In the Blog
Hey, Progressives: Please Stop Being Jerks about Disability
Illustration by Marlee Jennings
Dear fellow progressives,
If you advocate for positive, inclusive advances in society, believe in equality and social support, think science and climate change are real, support LGBTQ+ rights and do not believe religion should dictate public policy, I’d like to chat with you for a moment.
We need to talk about ableism and lack of accessibility in progressive spaces. There’s still too much of the former and not enough of the latter. We’re supposedly on the same side, striving for the same ideals, but some of you still treat disability as a flaw, an insult or an inconvenience. It’s been four long years since the original charter of the Women’s March referred to disability as a burden. It’s now 2021. Why are we still doing this?
What made me angry? Maybe it was the the U.S. congressman who claims he respects his constituents, but made a video – filmed by his kids – mocking hand tremors.
Maybe it’s the way a podcast with a transcript is as rare as a unicorn.
Maybe it’s the way words like “crazy” and “dementia” are freely thrown around as pejoratives.
Maybe it’s the people who insist that illness can be cured by diet and exercise, so if we all followed the Paleo Carb Free Super Seaweed Probiotic Diet, bought only organic food and did yoga, we wouldn’t need healthcare.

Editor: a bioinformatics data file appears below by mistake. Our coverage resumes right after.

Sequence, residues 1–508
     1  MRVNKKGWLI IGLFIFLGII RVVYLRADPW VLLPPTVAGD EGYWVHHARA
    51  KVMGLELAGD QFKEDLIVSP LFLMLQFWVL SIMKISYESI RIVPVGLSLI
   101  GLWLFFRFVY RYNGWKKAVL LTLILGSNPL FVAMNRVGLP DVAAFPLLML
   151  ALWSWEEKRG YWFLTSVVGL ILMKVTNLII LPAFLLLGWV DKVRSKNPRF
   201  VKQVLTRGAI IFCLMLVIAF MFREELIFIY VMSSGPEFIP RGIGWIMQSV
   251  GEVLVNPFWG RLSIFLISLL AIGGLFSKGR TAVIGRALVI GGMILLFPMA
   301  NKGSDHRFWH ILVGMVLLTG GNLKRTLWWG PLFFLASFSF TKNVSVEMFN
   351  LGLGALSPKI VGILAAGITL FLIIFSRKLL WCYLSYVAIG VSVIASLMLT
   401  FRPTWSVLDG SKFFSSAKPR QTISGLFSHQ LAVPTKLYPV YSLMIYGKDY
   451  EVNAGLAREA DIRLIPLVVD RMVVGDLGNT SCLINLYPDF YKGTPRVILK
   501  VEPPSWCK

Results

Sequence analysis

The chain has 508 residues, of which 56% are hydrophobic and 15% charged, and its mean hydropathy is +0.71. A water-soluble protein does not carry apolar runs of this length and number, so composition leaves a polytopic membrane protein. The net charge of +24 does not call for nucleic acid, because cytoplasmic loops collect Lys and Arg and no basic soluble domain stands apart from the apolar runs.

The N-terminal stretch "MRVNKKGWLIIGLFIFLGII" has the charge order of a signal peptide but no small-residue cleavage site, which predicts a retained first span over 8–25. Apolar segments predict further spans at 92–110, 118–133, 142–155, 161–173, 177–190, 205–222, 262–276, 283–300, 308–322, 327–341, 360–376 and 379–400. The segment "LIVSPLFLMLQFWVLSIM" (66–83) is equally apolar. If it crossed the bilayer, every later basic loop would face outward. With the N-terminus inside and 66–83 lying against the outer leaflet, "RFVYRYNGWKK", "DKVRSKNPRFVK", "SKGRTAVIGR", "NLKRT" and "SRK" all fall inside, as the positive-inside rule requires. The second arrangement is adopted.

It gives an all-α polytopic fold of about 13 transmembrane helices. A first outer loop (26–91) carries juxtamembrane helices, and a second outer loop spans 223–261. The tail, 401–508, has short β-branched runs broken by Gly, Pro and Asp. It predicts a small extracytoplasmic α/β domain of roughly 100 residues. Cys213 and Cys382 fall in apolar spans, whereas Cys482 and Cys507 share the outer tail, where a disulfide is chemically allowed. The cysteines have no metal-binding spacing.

Maybe it was the non-profit supposedly about “self-acceptance” that gaslit me when I requested accommodation for an activity, and then made public passive-aggressive comments about it.
Maybe it was reading of that New Zealand restaurant chain that tried to “start a conversation” by substituting an ingredient – that was a potential allergen – without informing its customers. Or that Manhattan restaurant that deliberately served food with high-gluten flour to customers who requested gluten-free meals.
Maybe it was hearing about companies that refused to accommodate disabled people’s requests to work from home but, when the pandemic began, arranged full-time telecommuting for every single employee.
Maybe it’s all of the above. Maybe it’s the collective negative impact on the disabled people who experience these slights firsthand or witness them, and the way it contributes to stereotypes as a whole. Maybe it’s the painful realization that the negativity and stigma surrounding disability are often fuelled by those who claim to be allies.
The Cambridge Dictionary gives a simple definition of ally: “Someone who helps and supports someone else.” With allies like these, do we need enemies?
As a disabled person, one comes to expect that allyship is tenuous at best. Disabled people are welcomed when we’re “inspiring” in a way that makes abled individuals feel good about themselves. If we can conceal all evidence of our disability or illness so those around us don’t have to consider it, we’re golden. However, if we request accommodation of any kind or share concerns that we’re not being treated respectfully, we’re shunned. Worse, people often react viscerally if we don’t laugh along with our own denigration. They don’t even consider the possibility that they’re doing any harm or alienating disabled people.